Fed Governor Daniel Tarullo gives a nice overview on the topic.
Over the past few decades, international cooperation in financial regulation has generally been pursued in a number of groups that bring together national authorities with responsibility for regulating or supervising in a particular area, or that served as venues for informal discussion. Several of the functional regulatory groups have undertaken initiatives in response to the recent financial crisis. During this period, the Financial Stability Board (FSB) shifted from being more of a discussion forum to serving as a coordinator of these initiatives. The FSB was also the direct line of communication between these groups and the G-20.
He points to a couple of international forums for fin regulation:
The Federal Reserve actively participates in the FSB as well as in the following international groups:
- In the Committee on Payment and Settlement Systems, we work with other central banks to promote sound and efficient payment and settlement systems.
- In the Committee on the Global Financial System, we work with other central banks to monitor developments in global financial markets, reporting to the central bank governors of the G-10 countries.
- In the Basel Committee on Banking Supervision (Basel Committee), we and the other U.S. bank supervisors work with other central banks and bank supervisory agencies to promote sound banking supervision by developing standards for bank capital requirements and bank risk management, and by promulgating principles for effective bank supervision. The Basel Committee, which doubled its membership earlier this year, now includes supervisors from 27 jurisdictions, including both advanced and emerging markets.1
- In the Joint Forum, we and other U.S. financial regulators–including bank, securities, and insurance regulators–work with financial regulators from other countries to enhance financial regulation that spans different financial sectors.
- In the Senior Supervisors Group, we and other U.S. supervisors have worked over the past few years with the supervisors of other major financial firms to share information and sponsor joint reviews of risk management and disclosure.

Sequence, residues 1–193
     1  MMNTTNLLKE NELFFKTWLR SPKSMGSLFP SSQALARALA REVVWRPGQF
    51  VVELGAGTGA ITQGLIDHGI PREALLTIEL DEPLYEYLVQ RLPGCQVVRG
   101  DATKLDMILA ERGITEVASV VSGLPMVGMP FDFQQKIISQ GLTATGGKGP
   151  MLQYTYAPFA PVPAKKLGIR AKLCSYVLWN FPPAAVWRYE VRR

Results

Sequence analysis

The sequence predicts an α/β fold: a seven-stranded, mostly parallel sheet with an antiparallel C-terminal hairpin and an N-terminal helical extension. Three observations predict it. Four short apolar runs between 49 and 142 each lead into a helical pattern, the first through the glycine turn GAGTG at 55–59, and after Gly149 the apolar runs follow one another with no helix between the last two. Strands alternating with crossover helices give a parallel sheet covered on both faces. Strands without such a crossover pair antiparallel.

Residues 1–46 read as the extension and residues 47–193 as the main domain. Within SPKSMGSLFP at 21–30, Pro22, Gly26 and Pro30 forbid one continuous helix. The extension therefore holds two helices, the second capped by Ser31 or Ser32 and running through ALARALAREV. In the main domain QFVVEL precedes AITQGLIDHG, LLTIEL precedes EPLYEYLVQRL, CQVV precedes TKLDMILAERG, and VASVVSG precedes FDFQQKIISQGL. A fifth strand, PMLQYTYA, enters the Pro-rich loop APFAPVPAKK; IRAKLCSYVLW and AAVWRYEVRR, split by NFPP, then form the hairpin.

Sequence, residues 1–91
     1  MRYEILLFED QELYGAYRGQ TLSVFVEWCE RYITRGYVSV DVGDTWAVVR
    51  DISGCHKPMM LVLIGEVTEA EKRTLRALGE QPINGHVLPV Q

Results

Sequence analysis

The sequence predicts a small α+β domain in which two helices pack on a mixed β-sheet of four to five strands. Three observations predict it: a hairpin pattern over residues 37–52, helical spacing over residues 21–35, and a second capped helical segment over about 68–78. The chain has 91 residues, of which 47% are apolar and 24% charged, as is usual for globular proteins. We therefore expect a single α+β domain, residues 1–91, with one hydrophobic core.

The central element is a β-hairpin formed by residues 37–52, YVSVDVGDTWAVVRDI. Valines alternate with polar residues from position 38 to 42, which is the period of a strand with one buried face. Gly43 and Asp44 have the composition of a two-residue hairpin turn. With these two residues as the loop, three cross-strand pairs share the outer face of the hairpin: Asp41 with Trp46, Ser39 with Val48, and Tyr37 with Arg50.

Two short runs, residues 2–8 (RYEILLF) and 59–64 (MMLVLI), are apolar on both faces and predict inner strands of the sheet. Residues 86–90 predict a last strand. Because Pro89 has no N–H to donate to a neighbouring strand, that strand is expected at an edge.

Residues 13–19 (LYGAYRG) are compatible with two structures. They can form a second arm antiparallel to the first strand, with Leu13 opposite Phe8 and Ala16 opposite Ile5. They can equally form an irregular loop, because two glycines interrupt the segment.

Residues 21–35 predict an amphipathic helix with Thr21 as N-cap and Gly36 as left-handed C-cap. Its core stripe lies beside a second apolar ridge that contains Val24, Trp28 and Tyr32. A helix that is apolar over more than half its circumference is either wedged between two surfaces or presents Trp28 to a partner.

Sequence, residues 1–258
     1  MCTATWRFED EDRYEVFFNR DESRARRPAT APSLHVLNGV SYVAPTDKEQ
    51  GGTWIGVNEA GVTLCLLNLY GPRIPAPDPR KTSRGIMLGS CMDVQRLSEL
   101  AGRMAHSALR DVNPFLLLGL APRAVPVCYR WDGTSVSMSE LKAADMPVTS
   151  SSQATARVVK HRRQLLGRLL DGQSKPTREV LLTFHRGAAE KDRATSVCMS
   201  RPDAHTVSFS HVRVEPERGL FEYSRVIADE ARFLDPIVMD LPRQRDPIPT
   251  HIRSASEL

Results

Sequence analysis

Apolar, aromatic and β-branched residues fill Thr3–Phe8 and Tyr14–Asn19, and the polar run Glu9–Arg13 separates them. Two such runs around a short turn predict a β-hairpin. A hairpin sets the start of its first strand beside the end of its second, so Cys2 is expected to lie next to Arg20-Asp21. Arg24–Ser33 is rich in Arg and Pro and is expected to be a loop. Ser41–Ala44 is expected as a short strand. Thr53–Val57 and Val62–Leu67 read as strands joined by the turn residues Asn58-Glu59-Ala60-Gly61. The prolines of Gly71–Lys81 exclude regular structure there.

- In bilateral and regional supervisory groups, we have discussed regulatory issues with Europe, China, India, Japan and other supervisors from the Western Hemisphere.
Some of these groups have quite a long history. Both the Committee on the Global Financial System and the Basel Committee date back to the 1970s. These groups are not formal international organizations. They have operated with only a modest support staff–often provided, along with a location for meetings, by the Bank for International Settlements (BIS). The bulk of their activity is conducted by officials from the national regulators themselves.
The FSB is a relatively new group, established in the wake of the Asian financial crisis in 1999 as the Financial Stability Forum, with a broad mandate to promote global financial stability. The FSB is an unusual combination of international standard-setting bodies (including those mentioned above) and a range of national authorities responsible for financial stability: treasury departments and ministries of finance, central banks, and financial supervisory agencies. Major international organizations such as the BIS and the International Monetary Fund (IMF) also participate. At the request of the G-20 in April 2009, the Financial Stability Forum’s name was changed to the Financial Stability Board, its membership was expanded to add the emerging market countries from the G-20, and its mandate was strengthened.
Hmm. Interesting tit bits on the topic. What comes striking to me after reading much of the stuff on crisis is this- the problem is not really lack of frameworks/thinking/forums/architecture etc etc on financial regulation. Infact, there is plenty of it and more is to come. The real issue is as Spitzer sums it - the regulators just didn’t want to regulate. The thinking was markets know the best, so let us not try and interfere much.